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Frankenstein: or, The Modern Prometheus is a novel written by the British author Mary Shelley. Shelley wrote the novel when she was 17 years old. The first edition was published anonymously in London in 1818. Shelley's name appears on the revised third edition, published in 1831. The title of the novel refers to a scientist, Victor Frankenstein, who learns how to create life and creates a being in the likeness of man, but larger than average and more powerful. In modern popular culture, people have tended to refer to the Creature as "Frankenstein" (especially in films since 1931), despite this being the name of the scientist. Frankenstein is a novel infused with some elements of the Gothic novel and the Romantic movement. It was also a warning against the "over-reaching" of modern man and the Industrial Revolution, alluded to in the novel's subtitle, The Modern Prometheus. The story has had an influence across literature and popular culture and spawned a complete genre of horror stories and films. It is arguably considered the first fully realized science fiction novel. The novel raises many issues that can be linked to today's society.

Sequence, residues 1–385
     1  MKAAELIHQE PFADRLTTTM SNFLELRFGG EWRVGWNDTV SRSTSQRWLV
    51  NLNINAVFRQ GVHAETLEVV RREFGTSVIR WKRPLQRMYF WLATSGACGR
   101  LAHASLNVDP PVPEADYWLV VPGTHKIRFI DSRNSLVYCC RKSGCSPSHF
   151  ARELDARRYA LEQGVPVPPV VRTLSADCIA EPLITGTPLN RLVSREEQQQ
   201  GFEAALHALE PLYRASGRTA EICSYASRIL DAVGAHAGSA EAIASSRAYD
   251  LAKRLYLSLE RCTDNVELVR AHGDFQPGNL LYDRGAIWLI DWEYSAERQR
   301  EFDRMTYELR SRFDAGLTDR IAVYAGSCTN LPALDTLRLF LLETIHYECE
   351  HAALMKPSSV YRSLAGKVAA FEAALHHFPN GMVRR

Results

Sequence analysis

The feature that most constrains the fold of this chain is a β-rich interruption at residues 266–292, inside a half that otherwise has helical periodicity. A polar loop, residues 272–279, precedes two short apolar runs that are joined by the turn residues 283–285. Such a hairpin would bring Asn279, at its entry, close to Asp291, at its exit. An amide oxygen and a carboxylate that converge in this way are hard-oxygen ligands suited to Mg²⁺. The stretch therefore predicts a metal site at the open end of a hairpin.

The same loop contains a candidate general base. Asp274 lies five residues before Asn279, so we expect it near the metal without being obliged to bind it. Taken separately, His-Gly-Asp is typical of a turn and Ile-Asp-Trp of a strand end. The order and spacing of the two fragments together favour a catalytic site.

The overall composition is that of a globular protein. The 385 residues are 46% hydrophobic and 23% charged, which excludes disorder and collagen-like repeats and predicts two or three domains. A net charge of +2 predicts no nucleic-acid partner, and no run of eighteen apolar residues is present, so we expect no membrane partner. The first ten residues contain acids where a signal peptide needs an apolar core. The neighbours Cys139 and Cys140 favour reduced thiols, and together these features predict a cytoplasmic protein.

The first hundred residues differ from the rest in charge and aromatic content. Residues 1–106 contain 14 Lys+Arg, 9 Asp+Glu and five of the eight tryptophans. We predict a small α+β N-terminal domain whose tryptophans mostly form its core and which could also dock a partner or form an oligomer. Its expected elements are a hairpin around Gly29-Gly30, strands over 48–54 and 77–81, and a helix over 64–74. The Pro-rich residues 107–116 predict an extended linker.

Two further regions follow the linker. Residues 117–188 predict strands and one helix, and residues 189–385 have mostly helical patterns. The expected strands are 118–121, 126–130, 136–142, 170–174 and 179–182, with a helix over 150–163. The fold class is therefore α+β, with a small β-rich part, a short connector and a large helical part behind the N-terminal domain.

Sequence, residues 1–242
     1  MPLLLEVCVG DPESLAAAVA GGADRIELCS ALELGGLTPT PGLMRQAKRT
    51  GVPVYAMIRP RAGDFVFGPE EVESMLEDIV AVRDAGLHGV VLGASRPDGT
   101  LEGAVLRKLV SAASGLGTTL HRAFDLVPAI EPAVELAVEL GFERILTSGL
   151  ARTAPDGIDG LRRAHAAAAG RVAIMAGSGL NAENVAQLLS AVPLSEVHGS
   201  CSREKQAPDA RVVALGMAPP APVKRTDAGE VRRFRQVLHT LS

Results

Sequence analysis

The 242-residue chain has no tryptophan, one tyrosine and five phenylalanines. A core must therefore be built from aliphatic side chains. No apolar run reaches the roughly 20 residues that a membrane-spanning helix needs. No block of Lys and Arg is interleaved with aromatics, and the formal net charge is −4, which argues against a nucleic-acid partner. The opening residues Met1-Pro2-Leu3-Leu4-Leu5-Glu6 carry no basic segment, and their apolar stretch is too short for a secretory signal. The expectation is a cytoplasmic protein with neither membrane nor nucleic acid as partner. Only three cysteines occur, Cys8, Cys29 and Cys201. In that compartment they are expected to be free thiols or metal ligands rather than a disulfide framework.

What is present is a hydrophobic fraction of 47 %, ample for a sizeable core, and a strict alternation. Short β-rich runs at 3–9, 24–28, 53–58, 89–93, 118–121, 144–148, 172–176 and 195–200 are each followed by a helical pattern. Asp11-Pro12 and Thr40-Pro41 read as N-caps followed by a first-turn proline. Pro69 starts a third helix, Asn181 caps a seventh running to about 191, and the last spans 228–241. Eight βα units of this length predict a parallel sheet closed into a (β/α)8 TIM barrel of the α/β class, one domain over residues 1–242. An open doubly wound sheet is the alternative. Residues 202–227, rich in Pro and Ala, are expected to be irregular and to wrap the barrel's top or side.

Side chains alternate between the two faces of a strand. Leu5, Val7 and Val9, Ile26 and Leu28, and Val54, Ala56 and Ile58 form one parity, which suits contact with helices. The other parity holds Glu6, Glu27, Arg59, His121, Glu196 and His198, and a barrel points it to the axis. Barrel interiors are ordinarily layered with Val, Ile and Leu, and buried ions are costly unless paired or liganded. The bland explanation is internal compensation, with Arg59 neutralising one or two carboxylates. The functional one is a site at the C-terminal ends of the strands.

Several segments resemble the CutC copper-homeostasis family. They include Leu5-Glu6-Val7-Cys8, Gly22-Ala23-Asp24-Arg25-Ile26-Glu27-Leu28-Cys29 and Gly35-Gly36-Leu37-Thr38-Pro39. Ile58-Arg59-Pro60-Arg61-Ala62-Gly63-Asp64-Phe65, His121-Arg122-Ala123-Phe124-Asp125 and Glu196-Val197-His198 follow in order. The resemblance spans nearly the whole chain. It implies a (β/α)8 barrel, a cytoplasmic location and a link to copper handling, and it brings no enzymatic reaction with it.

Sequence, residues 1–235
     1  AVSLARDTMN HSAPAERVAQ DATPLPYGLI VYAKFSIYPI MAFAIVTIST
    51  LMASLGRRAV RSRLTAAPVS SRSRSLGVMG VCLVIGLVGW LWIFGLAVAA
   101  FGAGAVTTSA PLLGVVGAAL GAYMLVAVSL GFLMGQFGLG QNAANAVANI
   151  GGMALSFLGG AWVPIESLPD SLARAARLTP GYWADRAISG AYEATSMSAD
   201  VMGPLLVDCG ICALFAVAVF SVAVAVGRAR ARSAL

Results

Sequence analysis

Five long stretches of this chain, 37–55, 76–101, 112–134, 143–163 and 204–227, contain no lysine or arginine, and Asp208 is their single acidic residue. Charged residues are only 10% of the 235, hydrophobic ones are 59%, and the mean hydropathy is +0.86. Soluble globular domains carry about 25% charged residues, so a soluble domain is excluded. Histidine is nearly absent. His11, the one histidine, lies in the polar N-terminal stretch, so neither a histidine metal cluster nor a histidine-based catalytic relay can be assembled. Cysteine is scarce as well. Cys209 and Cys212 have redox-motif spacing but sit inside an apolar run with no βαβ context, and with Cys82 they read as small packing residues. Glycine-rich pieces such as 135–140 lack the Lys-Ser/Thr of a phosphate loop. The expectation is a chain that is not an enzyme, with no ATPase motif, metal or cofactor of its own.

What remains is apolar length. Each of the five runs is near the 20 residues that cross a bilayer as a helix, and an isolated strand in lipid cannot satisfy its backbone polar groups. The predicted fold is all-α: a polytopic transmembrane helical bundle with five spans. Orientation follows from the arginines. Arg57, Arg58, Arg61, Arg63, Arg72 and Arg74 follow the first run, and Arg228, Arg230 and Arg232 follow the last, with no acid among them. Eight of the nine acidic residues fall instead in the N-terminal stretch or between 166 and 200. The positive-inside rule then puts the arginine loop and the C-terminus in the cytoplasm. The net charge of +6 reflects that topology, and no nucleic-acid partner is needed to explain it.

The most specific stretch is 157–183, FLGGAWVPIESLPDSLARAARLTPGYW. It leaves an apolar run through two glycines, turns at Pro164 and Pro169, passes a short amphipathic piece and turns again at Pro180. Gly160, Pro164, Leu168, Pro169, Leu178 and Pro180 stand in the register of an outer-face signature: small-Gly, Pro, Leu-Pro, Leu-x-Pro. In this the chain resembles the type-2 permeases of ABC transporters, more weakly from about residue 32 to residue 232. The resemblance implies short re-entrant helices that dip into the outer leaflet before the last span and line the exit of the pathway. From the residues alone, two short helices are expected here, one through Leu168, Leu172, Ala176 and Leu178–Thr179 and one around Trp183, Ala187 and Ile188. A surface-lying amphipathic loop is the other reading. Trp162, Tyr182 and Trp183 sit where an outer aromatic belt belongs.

— Excerpted from Wikipedia, the free encyclopedia.